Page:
mul parameter) was made very low. The loudness of all sounds can be controlled at once by adjusting
s.amp, the gain. This example drops the gain by 20 dB:
from pyo import * s = Server().boot() s.amp = 0.1 a = Sine().out() # Plays on left channel a2 = Sine().out(1) # Plays on right channel s.gui(locals())
Here's a decibel-to-amplitude conversion table for reference:
Variables should not be overwritten if you are using the GUI. If you overwrite
a with something else it won't play on the left channel.
The reason why we need to pass
locals() as the argument to
s.gui() is to allow it to make a prompt for you to type python commands in.
gui() does not return and if you Ctrl-C the terminal or quit the GUI then the whole Python process will exit. In order to make the GUI return to the python console instead you need to call it with
One problem that I noticed with this interpreter is that you can't seem to type multi-line commands in it.
I have a preference to starting the GUI instead of directly playing the sounds and that reflects in the examples I show here.
Windows needs special attention to make sure pyo plays audio properly. The default Windows audio host used by pyo is DirectSound, however any version of Windows since Vista should use the WSAPI host to play audio properly. So on those operating system versions, pyo needs to be configured to use WSAPI with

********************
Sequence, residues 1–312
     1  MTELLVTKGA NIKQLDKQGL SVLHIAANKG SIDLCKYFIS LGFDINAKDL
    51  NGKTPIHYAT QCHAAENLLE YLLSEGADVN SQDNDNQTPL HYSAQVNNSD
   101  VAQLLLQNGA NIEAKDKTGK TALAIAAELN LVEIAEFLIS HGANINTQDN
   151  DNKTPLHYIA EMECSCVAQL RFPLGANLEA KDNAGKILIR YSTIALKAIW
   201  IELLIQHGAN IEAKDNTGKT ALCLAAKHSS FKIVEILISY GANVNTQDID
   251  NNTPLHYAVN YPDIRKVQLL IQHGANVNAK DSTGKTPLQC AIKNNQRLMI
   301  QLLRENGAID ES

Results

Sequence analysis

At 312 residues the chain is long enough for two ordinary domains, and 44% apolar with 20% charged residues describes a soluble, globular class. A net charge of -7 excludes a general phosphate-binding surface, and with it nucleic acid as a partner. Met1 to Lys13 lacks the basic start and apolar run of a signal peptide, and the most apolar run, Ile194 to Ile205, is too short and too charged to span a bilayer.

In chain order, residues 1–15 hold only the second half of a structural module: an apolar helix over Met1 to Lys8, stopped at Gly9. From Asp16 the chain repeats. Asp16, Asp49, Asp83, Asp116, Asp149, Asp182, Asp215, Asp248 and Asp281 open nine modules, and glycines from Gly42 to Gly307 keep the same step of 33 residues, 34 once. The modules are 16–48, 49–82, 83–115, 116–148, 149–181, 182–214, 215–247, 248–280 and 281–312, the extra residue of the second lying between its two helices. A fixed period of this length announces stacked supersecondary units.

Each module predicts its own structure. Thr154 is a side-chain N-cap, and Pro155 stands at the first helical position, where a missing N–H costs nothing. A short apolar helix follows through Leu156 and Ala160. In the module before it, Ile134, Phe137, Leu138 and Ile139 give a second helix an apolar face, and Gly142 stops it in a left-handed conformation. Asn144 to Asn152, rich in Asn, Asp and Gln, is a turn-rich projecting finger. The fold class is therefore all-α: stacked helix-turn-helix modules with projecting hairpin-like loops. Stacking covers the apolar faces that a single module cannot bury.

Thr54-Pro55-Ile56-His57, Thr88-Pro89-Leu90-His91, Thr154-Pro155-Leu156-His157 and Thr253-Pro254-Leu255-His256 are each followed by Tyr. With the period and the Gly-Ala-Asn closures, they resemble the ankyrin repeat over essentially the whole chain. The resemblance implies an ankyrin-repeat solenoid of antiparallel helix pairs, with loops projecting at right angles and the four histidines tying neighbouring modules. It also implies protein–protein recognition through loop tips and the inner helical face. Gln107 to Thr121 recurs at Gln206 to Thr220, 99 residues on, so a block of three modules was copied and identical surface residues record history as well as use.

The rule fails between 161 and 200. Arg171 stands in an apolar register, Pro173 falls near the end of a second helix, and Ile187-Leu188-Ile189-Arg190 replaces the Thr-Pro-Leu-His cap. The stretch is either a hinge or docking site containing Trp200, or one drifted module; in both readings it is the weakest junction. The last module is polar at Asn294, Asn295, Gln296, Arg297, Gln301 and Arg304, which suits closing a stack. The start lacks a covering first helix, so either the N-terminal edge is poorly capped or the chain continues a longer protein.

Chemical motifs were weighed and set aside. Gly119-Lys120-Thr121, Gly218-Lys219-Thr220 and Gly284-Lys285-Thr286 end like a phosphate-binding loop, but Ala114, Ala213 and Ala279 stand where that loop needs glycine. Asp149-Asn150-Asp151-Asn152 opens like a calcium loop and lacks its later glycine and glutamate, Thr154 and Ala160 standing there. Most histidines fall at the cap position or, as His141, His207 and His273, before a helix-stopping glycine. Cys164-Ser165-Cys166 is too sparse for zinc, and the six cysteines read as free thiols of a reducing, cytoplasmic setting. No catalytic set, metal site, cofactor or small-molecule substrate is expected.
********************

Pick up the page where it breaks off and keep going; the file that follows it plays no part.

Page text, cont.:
Server(..., winhost="wasapi"). As stated earlier, not using the
winhost parameter defaults the server to use DirectSound which most likely won't produce the expected results unless you are using Windows XP.
You must also make sure that the sample rate used by your Windows audio device is the same as the one used by pyo, and pyo defaults to a 44100 Hz sample rate. To verify this you right-click the volume icon and click "Playback Devices", which should open a window like this:
Then you right-click on your speakers or other audio device and select Properties which should then show you the sample rate used by the audio hardware. So if your speakers have a sample rate of 48000 Hz, you can tell pyo to launch a server with that sample rate with
Server(sr=48000, ...), and not specifying
sr defaults to 441000.